- TMS Brokers led in Bloomberg rankings followed by Saxo, NBF
- Poland-based firm among top forecasters of Aussie, sterling
Konrad Bialas, part of the most accurate currency forecasting team in the past year, bolsters the mathematical and political variables in his economic models with an extra consideration: Murphy’s Law.
From the 80-person headquarters of TMS Brokers in Warsaw’s financial district, Bialas’s four-person research group was the best overall forecaster of major currencies in the 12 months through September, according to Bloomberg rankings of 61 firms. TMS was also among the top four predictors among seven exchange rates, including the Australian dollar and the British pound.
Publishing research -- in Polish -- for the company’s mostly retail clients, TMS hit the mark last quarter by being pessimistic, incorporating a possible meltdown in China’s stock market into its foreign-exchange forecasts. The company also questioned whether the bullish consensus on the U.S. dollar was too good to be true.
“We try to think outside of the box -- sometimes there could be some black-swan situations or tail risk that can mess up every econometric model,” Bialas said by phone Oct. 2. “We are not looking only at the quantitative data.”
The firm’s predictions were borne out as a rout in Chinese equities and revaluation of the yuan in August fueled risk aversion across global financial markets, boosting the euro and yen against the greenback in the third quarter, while pressuring currencies of commodity-exporting nations.
The company that beat forecasters at big London and New York banks operates out of a glass-walled, modern office that contrasts with its neighbor, the Palace of Culture and Science, a Soviet-era structure that’s the tallest building in Poland. TMS was founded in 1997 as a foreign-exchange broker and adviser dealing in futures, options and over-the-counter contracts, said Marcin Kotowski, the company’s chief operating officer and a member of its management board. Many of its clients are businessmen and women or other professionals who trade on their own accounts, he said.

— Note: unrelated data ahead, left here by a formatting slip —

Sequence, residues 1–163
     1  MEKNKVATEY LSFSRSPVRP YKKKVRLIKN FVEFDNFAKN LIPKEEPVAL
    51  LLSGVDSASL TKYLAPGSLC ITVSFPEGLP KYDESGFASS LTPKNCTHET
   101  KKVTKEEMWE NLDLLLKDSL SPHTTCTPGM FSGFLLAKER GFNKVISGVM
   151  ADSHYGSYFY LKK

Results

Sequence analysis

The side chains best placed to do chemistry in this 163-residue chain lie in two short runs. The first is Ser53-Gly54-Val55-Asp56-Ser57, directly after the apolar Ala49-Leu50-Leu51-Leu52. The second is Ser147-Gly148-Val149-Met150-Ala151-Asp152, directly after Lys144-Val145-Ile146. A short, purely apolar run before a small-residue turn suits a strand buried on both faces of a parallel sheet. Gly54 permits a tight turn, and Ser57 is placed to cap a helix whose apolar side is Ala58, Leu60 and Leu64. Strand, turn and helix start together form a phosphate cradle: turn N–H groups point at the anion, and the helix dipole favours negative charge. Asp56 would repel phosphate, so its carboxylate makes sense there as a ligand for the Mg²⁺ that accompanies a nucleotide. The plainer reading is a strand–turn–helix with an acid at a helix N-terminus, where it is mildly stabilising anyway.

“The analysis team has to deliver some quite high-quality research,” which is often cited by Polish news outlets, Kotowski said.
The best forecasters in Bloomberg’s rankings were identified by averaging individual scores on margin of error, timing and directional accuracy across 13 currency pairs during the past four quarters. Saxo Bank A/S and National Bank of Canada were the second and third most accurate forecasters overall, according to Bloomberg’s rankings.
Bialas’ favorite trade today is to sell the euro against the pound on speculation that the European Central Bank will extend its quantitative easing program in contrast with the Bank of England, which will probably raise interest rates next year.
“The fear that can be pushing investors to sell stocks and make extra volatility can be supportive for euro, yen, Swiss franc -- and not necessarily supportive for the dollar,” said Bialas, who was formerly an analyst at Alior Bank SA, a local lender. TMS forecasts the euro will weaken to $1.09 against the dollar at the end of this year and $1.05 by the end of March. It was little changed at $1.1226 as of 7:54 a.m. in New York.
He’s bearish on the currencies of commodity exporters such as Australia, Canada and New Zealand even after this year’s plunge. The worsening outlook for demand will probably cause central bankers in these nations to express dovish views on monetary policy, he said.
When it comes to Murphy’s law -- the idea that if anything can go wrong, it will -- Bialas said there’s still plenty to be wary of.
“There’s a debate about what the Federal Reserve, ECB and Bank of Japan will do and when,” Bialas said. There’s also geopolitical tension between Russia and the U.S. over Syria, which may affect risk sentiment in financial markets, he said.
Asked what other outside-the-box ideas are guiding his outlook, Bialas demurred.
“I’m trying not to tell all my secrets,” he said, laughing.